Charisma has 3 key elements

  • It is used to describe a range of people from rock stars to teachers
  • It is often seen as dangerous – a leader can make people do things they wouldn’t normally do
  • Groups with charismatic leaders are often short lived. It is difficult to maintain the charisma element once the leader dies!
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Religion and Social Change

Beliefs and practices

The main distinction here is between this worldly and other worldly beliefs.

ØOther worldly beliefs

stress the powerlessness of humans and the inevitability of misery in this world,

but salvation in the world to come,

Consequently they provide little motivation to change society.

e.g. Hinduism

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Religion and Social Change

This worldly beliefs

  • encourage the individual to try and change the world for the better glorification of God.
  • E.g. The Moonies
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Religion and Social Change

Relationship to society

This is concerned with the extent to which the church is linked to the state

The closer the links the more likely it is that a church will support the state and maintain the status quo

e.g. Catholic Church in Ireland

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Religion and Social Change

Social change is likely to be promoted by denominations and sects that are on the fringes of society and whose membership is primarily made up of the poor and disadvantaged.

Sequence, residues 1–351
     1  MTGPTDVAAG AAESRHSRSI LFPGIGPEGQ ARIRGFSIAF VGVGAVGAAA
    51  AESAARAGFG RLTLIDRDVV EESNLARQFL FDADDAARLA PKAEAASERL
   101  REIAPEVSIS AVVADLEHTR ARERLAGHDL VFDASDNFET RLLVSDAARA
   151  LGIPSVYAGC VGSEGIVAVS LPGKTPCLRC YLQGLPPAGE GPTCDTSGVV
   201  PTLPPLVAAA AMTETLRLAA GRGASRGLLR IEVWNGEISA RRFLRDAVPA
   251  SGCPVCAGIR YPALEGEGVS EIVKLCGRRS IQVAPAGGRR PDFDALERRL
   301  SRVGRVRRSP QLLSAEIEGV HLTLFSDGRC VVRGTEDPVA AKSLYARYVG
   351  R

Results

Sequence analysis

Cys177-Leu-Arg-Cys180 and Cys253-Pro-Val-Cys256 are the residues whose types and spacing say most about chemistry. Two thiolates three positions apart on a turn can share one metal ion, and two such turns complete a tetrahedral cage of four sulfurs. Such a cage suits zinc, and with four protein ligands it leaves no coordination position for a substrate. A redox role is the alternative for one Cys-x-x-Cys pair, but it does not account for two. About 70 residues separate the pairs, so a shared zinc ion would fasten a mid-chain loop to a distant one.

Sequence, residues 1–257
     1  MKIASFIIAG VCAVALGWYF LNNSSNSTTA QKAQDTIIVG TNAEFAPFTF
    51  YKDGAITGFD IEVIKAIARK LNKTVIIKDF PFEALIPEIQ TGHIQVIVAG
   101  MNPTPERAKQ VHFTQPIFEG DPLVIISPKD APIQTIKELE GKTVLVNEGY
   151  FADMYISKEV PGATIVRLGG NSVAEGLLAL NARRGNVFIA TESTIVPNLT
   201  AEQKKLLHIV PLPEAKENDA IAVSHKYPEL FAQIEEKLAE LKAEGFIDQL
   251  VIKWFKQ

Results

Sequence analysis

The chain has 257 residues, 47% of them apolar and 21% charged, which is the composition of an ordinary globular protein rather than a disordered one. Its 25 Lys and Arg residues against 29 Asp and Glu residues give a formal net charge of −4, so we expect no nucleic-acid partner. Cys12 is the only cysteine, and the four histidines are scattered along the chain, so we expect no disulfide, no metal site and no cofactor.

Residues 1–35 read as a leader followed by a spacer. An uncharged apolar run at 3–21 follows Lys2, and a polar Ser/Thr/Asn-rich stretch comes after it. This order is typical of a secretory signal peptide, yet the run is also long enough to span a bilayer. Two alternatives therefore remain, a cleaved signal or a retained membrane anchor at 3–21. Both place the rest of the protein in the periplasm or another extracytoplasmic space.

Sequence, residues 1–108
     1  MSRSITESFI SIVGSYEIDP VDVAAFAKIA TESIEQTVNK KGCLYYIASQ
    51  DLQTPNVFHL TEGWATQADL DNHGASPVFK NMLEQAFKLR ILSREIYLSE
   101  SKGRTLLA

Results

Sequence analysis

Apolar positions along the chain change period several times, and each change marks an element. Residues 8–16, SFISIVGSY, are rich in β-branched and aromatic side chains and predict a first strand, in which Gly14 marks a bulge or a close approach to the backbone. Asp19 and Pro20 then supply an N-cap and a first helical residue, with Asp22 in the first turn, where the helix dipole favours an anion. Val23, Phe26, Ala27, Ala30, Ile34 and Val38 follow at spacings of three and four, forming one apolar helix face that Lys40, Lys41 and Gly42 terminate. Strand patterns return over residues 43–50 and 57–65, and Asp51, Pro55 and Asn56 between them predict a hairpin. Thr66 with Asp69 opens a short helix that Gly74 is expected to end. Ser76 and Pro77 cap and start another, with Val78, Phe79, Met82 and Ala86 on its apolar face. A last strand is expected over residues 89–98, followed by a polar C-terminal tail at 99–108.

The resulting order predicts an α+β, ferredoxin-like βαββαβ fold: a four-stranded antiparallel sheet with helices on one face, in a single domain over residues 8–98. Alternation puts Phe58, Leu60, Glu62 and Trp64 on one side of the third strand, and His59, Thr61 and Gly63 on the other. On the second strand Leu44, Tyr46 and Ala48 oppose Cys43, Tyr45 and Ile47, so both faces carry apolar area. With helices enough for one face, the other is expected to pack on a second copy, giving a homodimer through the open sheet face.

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Religion and Social Change

Social status of religious membership

Øthere is a tendency for established churches to draw their membership from upper status groups while sectarian movements tend to attract less privileged groups.

Thus sectarian movements may be seen by their members as a vehicle for the promotion of social change.

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Religion and Social Change

The presence of alternative avenues to change

ØThe idea, here, is that in the absence of political avenues for achieving social change, religion may be the only organised institution available that can provide the organisational tools for achieving change

The Catholic church was instrumental in helping the union ‘Solidarity’ promote change in Poland.

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Religion and Social Change

Organisational structure

  • Religions with a centralised priesthood, hierarchy of paid officials and bureaucratic structure often inhibit change.
  • Nelson (1971), argues that Sect-like organisations tend to encourage a 'withdrawal' from the world. Church like organisations encourage civil rights militancy.
  • Neo Marxists like Gramsci and Madura suggest strong churches like The RC church can provide a vehicle for change in some parts of the world e.g. Latin America
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Religion and Social Change

Merideth McGuire 1981

Says the question should not be - does religion cause social change – but when, how and under what circumstances.

Beliefs – Where religion is concerned with ‘this’ world rather than the ‘other’ world it is more likely to enable change. Protestantism has more impact than Buddhism.

Culture – In cultures where religious belief plays a central part – then it is more likely to play a role in causing or preventing) social change.

Social Location – Where religion is intertwined with the political process it can play a part in enabling change

Internal Organisation – Religions with a strong internal organisation have more chance of affecting events